(B) Fly ash can be detected by color and shape when dark spheres are present. In concrete that has not oxidized the presence of slag may be inferred from the green or blue color of the paste.
    (C) Ettringite and calcium hydroxide in voids may be recognized by their crystal habits.
    (D) Magnesium oxide and calcium oxide should be identifiable in polished section.
    (A) The literature and private reports include data on many unidentified secondary compounds in concrete; these are not included in the tabulation. Indexes of refraction of common mineralogic types are taken from standard works on mineralogy.
    (B) Higher and lower indexes of refraction have been recorded for naturally occurring ettringite (13) and thaumasite (12), but it is not known that the naturally occurring minerals and compounds found in hydrated cement are of the same composition.

    1.2 The petrographic procedures outlined herein are applicable to the examination of samples of all types of hardened hydraulic-cement mixtures, including concrete, mortar, grout, plaster, stucco, terrazzo, and the like. In this practice, the material for examination is designated as “concrete,” even though the commentary may be applicable to the other mixtures, unless the reference is specifically to media other than concrete.

    1.3 The purposes of and procedures for petrographic examination of hardened concrete are given in the following sections:

     

    Section

     

    Qualifications of Petrographers and Use of Technicians

    4

    Purposes of Examination

    5

    Apparatus

    6

    Selection and Use of Apparatus

    7

    Samples

    8

    Examination of Samples

    9

    Specimen Preparation

    10

    Visual and Stereomicroscope Examination

    11

    Polarizing Microscope Examination

    12

    Paste Features

    13

    Report

    14

    1.4 The values stated in inch-pound units are to be regarded as the standard. The SI units in parentheses are provided for information purposes only.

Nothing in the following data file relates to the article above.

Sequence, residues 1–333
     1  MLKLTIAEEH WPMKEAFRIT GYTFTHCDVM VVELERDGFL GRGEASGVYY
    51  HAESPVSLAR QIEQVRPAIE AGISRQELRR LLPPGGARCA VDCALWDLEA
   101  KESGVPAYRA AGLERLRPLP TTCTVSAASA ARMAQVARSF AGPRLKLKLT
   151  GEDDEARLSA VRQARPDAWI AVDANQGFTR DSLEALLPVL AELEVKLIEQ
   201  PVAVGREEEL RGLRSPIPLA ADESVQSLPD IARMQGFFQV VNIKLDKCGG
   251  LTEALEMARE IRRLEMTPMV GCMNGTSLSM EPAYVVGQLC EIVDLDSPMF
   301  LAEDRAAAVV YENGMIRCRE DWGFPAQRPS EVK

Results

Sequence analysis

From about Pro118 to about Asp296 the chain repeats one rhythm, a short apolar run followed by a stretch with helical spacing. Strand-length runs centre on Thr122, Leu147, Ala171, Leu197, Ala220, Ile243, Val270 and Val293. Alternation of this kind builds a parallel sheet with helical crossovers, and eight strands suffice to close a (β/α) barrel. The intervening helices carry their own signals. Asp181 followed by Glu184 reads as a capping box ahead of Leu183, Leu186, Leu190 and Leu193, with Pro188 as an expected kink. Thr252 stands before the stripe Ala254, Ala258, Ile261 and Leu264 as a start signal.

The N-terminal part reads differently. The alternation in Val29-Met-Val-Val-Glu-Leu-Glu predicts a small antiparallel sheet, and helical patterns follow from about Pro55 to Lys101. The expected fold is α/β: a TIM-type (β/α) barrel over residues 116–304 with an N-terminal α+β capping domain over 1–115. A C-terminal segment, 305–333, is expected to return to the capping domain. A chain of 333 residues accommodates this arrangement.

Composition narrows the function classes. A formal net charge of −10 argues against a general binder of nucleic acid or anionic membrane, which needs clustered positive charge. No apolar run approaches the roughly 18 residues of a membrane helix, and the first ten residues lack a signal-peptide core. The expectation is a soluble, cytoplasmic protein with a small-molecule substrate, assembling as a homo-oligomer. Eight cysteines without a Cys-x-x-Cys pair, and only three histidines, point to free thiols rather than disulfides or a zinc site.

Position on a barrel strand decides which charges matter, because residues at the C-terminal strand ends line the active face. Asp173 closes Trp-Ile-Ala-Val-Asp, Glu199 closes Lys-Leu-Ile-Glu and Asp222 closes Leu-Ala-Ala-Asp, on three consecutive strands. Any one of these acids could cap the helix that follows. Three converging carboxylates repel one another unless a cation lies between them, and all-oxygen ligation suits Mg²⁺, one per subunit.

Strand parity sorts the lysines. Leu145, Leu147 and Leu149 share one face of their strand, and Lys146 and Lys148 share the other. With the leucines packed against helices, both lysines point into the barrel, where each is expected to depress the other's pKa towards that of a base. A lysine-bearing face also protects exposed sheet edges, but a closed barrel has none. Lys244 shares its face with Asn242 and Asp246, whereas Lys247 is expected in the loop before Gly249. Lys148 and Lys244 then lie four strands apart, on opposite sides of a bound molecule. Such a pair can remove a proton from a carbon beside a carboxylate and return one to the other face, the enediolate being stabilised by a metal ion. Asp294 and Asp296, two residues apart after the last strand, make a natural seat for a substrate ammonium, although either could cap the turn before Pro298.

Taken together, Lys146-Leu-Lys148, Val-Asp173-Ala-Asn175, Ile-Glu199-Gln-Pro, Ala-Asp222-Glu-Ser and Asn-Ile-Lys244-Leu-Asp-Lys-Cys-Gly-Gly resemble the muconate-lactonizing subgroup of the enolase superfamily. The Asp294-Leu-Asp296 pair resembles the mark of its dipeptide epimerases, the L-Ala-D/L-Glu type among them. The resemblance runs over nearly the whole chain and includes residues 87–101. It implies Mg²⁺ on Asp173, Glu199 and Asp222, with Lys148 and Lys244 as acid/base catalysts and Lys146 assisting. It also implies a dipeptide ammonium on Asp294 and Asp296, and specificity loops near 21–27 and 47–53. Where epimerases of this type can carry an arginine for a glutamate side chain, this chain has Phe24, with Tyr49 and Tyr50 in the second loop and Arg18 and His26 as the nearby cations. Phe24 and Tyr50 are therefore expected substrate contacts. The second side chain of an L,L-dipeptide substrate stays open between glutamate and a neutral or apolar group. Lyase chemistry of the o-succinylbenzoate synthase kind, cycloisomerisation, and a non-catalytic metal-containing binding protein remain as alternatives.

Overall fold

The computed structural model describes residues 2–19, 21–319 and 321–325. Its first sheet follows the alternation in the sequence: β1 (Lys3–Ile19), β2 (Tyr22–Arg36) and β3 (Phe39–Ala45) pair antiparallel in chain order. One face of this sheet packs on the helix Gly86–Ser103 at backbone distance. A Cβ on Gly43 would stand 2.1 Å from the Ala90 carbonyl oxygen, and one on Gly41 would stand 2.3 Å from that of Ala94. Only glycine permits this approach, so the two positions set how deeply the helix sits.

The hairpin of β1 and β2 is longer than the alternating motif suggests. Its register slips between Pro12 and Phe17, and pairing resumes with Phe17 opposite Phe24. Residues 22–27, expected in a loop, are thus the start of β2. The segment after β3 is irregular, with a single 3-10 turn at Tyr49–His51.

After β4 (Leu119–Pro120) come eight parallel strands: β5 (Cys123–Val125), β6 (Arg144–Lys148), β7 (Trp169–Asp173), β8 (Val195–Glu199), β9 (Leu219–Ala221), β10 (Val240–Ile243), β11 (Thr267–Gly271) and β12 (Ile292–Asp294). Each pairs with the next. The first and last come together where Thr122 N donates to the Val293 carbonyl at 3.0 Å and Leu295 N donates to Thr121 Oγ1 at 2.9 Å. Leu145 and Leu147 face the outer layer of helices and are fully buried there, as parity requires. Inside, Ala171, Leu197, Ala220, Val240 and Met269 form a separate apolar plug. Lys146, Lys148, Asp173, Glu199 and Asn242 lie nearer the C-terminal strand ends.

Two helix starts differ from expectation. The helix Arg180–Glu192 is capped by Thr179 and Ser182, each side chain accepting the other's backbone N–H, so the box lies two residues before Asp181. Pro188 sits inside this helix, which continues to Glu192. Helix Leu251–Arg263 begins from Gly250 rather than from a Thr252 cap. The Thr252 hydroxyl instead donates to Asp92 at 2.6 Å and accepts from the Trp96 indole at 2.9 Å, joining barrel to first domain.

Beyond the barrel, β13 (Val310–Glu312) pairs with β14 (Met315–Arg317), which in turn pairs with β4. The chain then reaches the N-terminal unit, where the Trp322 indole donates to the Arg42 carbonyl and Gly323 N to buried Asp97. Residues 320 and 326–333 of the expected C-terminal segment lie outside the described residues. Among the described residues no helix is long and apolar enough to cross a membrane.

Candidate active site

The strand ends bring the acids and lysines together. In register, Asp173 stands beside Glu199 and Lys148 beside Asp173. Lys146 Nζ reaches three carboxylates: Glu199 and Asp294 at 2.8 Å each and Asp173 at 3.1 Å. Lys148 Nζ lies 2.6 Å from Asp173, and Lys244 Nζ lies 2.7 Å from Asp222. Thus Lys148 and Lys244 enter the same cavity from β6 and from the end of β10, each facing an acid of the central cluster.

1.5 This standard does not purport to address all of the safety concerns, if any, associated with its use. It is the responsibility of the user of this standard to establish appropriate safety and health practices and determine the applicability of regulatory limitations prior to use. A specific hazard statement is given in 6.2.10.1.


    2. Referenced Documents (purchase separately) The documents listed below are referenced within the subject standard but are not provided as part of the standard.

    ASTM Standards

    C125 Terminology Relating to Concrete and Concrete Aggregates

    C215 Test Method for Fundamental Transverse, Longitudinal, and Torsional Resonant Frequencies of Concrete Specimens

    C227 Test Method for Potential Alkali Reactivity of Cement-Aggregate Combinations (Mortar-Bar Method)

    C342 Test Method for Potential Volume Change of Cement-Aggregate Combinations

    C441 Test Method for Effectiveness of Pozzolans or Ground Blast-Furnace Slag in Preventing Excessive Expansion of Concrete Due to the Alkali-Silica Reaction

    C452 Test Method for Potential Expansion of Portland-Cement Mortars Exposed to Sulfate

    C457 Test Method for Microscopical Determination of Parameters of the Air-Void System in Hardened Concrete

    C496/C496M Test Method for Splitting Tensile Strength of Cylindrical Concrete Specimens

    C597 Test Method for Pulse Velocity Through Concrete

    C803/C803M Test Method for Penetration Resistance of Hardened Concrete

    C805 Test Method for Rebound Number of Hardened Concrete

    C823 Practice for Examination and Sampling of Hardened Concrete in Constructions

    C1012 Test Method for Length Change of Hydraulic-Cement Mortars Exposed to a Sulfate Solution

    C1260 Test Method for Potential Alkali Reactivity of Aggregates (Mortar-Bar Method)

    E3 Guide for Preparation of Metallographic Specimens

    E883 Guide for Reflected-Light Photomicrography


    ICS Code

    ICS Number Code 91.100.30 (Concrete and concrete products)

    Referencing This Standard
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    DOI: 10.1520/C0856-17

    Citation Format

    ASTM C856-17, Standard Practice for Petrographic Examination of Hardened Concrete, ASTM International, West Conshohocken, PA, 2017, www.astm.org